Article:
April 24, 2015

8.00 am. A brief admin round up before assembling two processed sound files of the Welsh and English text engravings derived from the Second Commandment, in a multitrack session:

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I’m exploring the possibility of incorporating a recording of the Second Commandment read in Welsh and English. This recording, too, would have to be engraved, in keeping with the project’s governing concept, by transferring a digital capture to a vinyl record (which involves an intaglio process). The re-recording would, then, serve as the source.

12.30 pm. A business lunch at Tree House with my colleague Dr Roberts:


For two hours we bandied ideas and plans, and dreams and aspirations, pertaining to a proposed sound symposium — the first in the series of ‘Noise PROJECTion’s. Reasons for discouragement, a persuasive rationale for throwing in the towel, and paralysing uncertainties threaten. Thus, we make our compact: ‘Just do it!’

2.30 pm. Homebase. On with Image & Inscription. If voices were used. Whose would they be? Diagrammatizing makes me think clearly. I need to see ideas in order to better understand their relationships:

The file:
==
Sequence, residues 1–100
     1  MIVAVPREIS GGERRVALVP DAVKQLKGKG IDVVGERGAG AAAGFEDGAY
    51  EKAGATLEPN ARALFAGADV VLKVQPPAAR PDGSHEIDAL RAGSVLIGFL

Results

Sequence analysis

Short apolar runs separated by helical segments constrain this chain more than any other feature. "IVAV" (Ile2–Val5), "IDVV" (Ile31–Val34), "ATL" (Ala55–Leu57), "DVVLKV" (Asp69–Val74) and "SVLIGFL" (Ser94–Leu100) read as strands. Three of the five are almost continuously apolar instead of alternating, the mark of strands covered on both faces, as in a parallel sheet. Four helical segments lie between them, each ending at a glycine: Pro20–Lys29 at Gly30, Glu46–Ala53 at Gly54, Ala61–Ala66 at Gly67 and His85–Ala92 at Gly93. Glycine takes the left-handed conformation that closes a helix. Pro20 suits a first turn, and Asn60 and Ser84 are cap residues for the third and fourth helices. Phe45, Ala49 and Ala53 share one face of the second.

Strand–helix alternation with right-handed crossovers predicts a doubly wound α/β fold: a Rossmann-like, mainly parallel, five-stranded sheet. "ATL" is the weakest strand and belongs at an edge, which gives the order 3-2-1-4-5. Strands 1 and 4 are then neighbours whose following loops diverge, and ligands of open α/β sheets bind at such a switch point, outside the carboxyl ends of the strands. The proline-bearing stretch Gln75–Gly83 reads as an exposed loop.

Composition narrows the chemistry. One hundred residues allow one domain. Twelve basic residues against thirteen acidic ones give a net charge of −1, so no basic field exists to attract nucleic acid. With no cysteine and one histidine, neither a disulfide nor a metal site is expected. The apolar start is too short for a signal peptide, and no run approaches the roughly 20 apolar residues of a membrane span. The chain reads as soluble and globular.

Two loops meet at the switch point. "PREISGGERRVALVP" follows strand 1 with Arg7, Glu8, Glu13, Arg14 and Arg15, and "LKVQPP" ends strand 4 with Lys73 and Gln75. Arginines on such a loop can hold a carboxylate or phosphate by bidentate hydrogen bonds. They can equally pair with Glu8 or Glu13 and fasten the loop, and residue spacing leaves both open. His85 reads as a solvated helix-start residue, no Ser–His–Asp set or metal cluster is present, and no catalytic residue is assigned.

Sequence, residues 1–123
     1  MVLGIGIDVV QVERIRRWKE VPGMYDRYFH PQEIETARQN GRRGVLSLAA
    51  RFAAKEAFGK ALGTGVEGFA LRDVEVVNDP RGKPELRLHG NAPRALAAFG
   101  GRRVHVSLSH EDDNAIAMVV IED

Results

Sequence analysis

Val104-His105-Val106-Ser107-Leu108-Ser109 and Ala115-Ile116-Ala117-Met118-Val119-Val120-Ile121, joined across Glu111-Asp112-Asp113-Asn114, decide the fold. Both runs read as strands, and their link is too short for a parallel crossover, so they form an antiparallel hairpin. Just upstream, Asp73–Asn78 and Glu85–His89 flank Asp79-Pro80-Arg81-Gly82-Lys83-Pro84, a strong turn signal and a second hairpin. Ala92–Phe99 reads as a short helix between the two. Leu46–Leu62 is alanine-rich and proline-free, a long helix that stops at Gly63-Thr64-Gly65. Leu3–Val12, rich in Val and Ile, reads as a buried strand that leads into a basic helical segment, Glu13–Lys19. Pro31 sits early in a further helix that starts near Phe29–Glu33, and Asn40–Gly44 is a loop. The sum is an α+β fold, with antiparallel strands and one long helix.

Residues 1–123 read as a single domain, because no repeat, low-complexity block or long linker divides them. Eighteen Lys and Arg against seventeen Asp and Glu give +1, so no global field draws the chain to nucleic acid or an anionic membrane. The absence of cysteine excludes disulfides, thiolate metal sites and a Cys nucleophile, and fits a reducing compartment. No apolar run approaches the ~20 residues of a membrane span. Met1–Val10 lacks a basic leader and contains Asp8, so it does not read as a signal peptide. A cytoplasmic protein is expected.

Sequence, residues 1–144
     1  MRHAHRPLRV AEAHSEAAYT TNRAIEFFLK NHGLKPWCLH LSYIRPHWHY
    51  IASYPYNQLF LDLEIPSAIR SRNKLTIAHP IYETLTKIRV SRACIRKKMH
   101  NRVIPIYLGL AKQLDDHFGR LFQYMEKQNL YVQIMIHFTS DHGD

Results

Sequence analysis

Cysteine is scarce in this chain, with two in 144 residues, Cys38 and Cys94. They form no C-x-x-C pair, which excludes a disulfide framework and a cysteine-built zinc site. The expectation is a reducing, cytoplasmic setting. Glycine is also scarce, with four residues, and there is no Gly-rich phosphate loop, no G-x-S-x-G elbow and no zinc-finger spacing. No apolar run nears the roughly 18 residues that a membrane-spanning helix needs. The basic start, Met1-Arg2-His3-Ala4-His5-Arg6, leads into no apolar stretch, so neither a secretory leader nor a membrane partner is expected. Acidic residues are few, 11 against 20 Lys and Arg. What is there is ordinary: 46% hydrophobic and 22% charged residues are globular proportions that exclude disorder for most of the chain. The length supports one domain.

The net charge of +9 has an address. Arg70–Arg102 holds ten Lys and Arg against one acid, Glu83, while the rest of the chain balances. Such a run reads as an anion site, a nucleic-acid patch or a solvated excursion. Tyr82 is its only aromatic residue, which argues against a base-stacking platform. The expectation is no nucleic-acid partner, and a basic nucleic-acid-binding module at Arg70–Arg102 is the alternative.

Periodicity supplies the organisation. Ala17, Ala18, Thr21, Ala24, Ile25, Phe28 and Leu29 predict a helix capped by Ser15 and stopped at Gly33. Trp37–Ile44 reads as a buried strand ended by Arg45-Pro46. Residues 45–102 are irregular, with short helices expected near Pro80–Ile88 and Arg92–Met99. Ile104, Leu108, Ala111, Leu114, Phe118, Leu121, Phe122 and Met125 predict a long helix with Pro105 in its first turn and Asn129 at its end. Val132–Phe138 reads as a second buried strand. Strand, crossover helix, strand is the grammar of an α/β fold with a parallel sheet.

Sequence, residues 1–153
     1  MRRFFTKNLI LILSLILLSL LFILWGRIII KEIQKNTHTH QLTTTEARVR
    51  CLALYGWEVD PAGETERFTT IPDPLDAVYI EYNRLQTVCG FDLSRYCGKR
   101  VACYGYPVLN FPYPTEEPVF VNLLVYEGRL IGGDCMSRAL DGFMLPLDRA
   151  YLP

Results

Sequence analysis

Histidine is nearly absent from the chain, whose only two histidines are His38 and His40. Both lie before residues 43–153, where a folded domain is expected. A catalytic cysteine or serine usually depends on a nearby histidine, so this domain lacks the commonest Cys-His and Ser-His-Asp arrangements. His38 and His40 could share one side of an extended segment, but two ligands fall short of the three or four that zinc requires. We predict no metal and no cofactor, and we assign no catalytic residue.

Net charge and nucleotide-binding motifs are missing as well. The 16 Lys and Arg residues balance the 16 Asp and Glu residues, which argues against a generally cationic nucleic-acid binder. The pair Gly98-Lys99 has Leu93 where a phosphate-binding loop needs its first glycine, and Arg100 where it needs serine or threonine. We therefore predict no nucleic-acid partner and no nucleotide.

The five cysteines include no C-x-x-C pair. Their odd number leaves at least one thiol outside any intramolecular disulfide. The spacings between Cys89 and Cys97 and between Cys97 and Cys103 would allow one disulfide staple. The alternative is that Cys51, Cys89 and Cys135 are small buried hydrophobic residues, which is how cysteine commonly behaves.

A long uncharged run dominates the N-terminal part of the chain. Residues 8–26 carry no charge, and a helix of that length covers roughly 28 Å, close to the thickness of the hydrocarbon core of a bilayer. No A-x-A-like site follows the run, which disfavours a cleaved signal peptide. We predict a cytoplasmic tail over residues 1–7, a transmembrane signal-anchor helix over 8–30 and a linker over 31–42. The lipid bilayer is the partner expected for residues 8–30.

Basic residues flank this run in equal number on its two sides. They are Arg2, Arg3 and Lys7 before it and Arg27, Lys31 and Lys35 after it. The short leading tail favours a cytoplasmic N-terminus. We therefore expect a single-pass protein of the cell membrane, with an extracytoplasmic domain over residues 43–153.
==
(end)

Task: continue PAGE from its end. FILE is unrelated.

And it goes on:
One source; two text; two languages; two recordings; two modes (writing and reading); and two voices (like the languages, these should be distinct (male and female)). The doubling is appropriate, since the Ten Commandments were given to Moses on two stone tablets (Exodus 20.1-17).

4.30 pm. At the School, Miranda and I held a early and final assessment tutorial with one of our second year students, who’ll be leaving us this year to be fruitful in another way. We wish her well. She’ll be missed. 5.00 pm (the graveyard shift). I delivered the Professional Practice lecture on ‘Social Media & Professional Promotion’. A good turnout. On this occasion, the audience knew more than I did.

7.30 pm. I caught up with emails, added bits and pieces to the School’s FaceBook page, and returned to Image & Superscription rumination. In the background, I played the two time-stretched sound files together repeatedly. It’s important to develop a familiarity with the material — to hear the sonic ‘imagery’ within it. The virtues of the piece yield themselves slowly. (That’s a good sign. I’m always suspicious of immediacy.) As it stands, the Welsh engraving sounds, at times, like someone plucking at the strings of an out-of-tune upright piano. The piece gets quite ‘heavy’ towards its end, suggesting a sense of climax.

10.00 pm. Practice session 2.